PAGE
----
As appealing as Vial's position may be, however, it is contrary to the plain language of the AEDPA. The language of § 2255 establishes that a new rule of constitutional law is not available to individuals seeking to file second or successive motions for postconviction relief until the Supreme Court declares the applicability of that particular rule to collateral proceedings. We are without authority to disregard the plain language of a statute except in the rare circumstances in which there is “a clearly expressed legislative intent to the contrary,” Reves v. Ernst & Young, 507 U.S. 170, 177, 113 S.Ct. 1163, 1168, 122 L.Ed.2d 525 (1993) (internal quotation marks omitted), literal application of the statute would frustrate its purpose, Griffin v. Oceanic Contractors, Inc., 458 U.S. 564, 571, 102 S.Ct. 3245, 3250, 73 L.Ed.2d 973 (1982), or literal application would lead to an absurd result, United States v. American Trucking Ass'ns, 310 U.S. 534, 543, 60 S.Ct. 1059, 1063-64, 84 L.Ed. 1345 (1940). Here, the sparse legislative history supports the view that, in order to be available to an individual pursuing a second or successive § 2255 motion, a new rule of constitutional law must itself be declared applicable to cases on collateral review by the Supreme Court. See H.R. Conf. Rep. No. 104-518, at 111 (1996), reprinted in 1996 U.S.C.C.A.N. 924, 944 (noting that second and successive applications for postconviction relief are permissible under the AEDPA only if they “involve new constitutional rights that have been retroactively applied by the Supreme Court”). Moreover, literal application of the phrase “made retroactive to cases on collateral review by the Supreme Court” would not thwart Congress' obvious purpose “to curb the abuse of” avenues for collateral attacks on convictions. Id. Furthermore, literal application of the statutory language does not produce a result so “inconsistent with [public] policy and abhorrent to the sense of justice” as to warrant disregarding the plain language of the statute on the basis of its absurdity. Sorrells v. United States, 287 U.S. 435, 449, 53 S.Ct. 210, 215, 77 L.Ed. 413 (1932).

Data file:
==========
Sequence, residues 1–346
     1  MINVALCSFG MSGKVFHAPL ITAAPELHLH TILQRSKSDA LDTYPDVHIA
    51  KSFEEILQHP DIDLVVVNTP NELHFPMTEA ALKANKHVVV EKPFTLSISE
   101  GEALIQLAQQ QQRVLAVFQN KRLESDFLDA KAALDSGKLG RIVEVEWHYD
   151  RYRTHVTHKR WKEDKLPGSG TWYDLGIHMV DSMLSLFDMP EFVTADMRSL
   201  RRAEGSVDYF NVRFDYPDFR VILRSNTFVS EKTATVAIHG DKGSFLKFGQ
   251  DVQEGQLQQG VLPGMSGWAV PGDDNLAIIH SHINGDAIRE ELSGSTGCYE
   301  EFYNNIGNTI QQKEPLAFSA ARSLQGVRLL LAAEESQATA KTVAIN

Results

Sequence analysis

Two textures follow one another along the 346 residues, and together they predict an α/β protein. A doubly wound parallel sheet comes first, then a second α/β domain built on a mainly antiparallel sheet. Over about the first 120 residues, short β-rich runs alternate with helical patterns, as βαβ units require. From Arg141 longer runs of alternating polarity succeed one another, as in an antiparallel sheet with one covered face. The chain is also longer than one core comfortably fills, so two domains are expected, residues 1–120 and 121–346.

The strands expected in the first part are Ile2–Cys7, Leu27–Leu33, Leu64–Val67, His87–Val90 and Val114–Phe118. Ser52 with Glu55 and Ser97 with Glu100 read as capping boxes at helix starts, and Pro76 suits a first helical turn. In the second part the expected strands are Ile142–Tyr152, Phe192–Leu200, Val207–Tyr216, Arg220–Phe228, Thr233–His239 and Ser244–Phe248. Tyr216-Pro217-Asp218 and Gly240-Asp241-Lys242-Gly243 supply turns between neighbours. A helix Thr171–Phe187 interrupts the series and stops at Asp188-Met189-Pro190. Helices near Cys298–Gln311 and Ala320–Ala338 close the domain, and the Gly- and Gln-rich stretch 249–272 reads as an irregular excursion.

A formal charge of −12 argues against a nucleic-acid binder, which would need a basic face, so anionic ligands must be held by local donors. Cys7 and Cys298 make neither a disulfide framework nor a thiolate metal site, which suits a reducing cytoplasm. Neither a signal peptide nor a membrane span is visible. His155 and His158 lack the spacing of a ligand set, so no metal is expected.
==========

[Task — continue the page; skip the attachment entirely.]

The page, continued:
Accordingly, we conclude that a new rule of constitutional law has been “made retroactive to cases on collateral review by the Supreme Court” within the meaning of § 2255 only when the Supreme Court declares the collateral availability of the rule in question, either by explicitly so stating or by applying the rule in a collateral proceeding. Because the Supreme Court has done neither with respect to the rule announced in Bailey, Vial would not be entitled to file a successive § 2255 motion based on Bailey even if it contained a rule of constitutional law.9
Vial maintains that if § 2255 bars us from granting him permission to file a second or successive motion to vacate his sentence, the provision is unconstitutional as a suspension of the writ of habeas corpus. See U.S. Const. art. I, § 9, cl. 2 (“The Privilege of the Writ of Habeas Corpus shall not be suspended, unless when in Cases of Rebellion or Invasion the public Safety may require it.”).10 According to Vial, the limitations on second and successive § 2255 motions constitute a suspension of the writ because they deprive him of any means of presenting his Bailey claim to the courts.
Vial's constitutional argument is foreclosed by the recent decision of the Supreme Court in Felker v. Turpin, 518 U.S. 651, ---- - ----, 116 S.Ct. 2333, 2339-40, 135 L.Ed.2d 827 (1996). In Felker, the Supreme Court determined that the provision of the AEDPA limiting second and successive habeas corpus petitions by persons convicted in state courts does not constitute a suspension of the writ. See id. Rather, the Court stated that the limitations imposed by the AEDPA were simply an illustration of the longstanding principle that “ ‘the power to award the writ by any of the courts of the United States, must be given by written law.’ ” Id. at ----, 116 S.Ct. at 2340 (quoting Ex parte Bollman, 8 U.S. (4 Cranch) 75, 94, 2 L.Ed. 554 (1807)). The limitations on habeas corpus relief from state-court judgments of conviction contained in the AEDPA, the Court reasoned, amounted to an entirely proper exercise of Congress' judgment regarding the proper scope of the writ 11 and fell “well within the compass of [the] evolutionary process” surrounding the doctrine of abuse of the writ. Id. We conclude that the reasoning of the Court with respect to limitations on second and successive habeas petitions pursuant to § 2254 applies with equal force to the identical language in § 2255. Accordingly, the limitations imposed on second and successive § 2255 motions by the AEDPA do not constitute a suspension of the writ.
We also reject Vial's request for permission to challenge the amount of cocaine attributed to him by the district court for sentencing purposes. Vial does not argue that this claim, which is based on our decision in United States v. Irvin, 2 F.3d 72 (4th Cir.1993), rests on a new rule of constitutional law. And, Vial cannot pursue this claim under the “newly discovered evidence” exception to the bar on second and successive § 2255 proceedings because that exception applies only to challenges to the underlying conviction; it is not available to assert sentencing error. 28 U.S.C.A. § 2255 (providing that a second or successive § 2255 motion must be certified by the appropriate court of appeals to contain “newly discovered evidence that, if proven and viewed in light of the evidence as a whole, would be sufficient to establish by clear and convincing evidence that no reasonable factfinder would have found the movant guilty of the offense”).12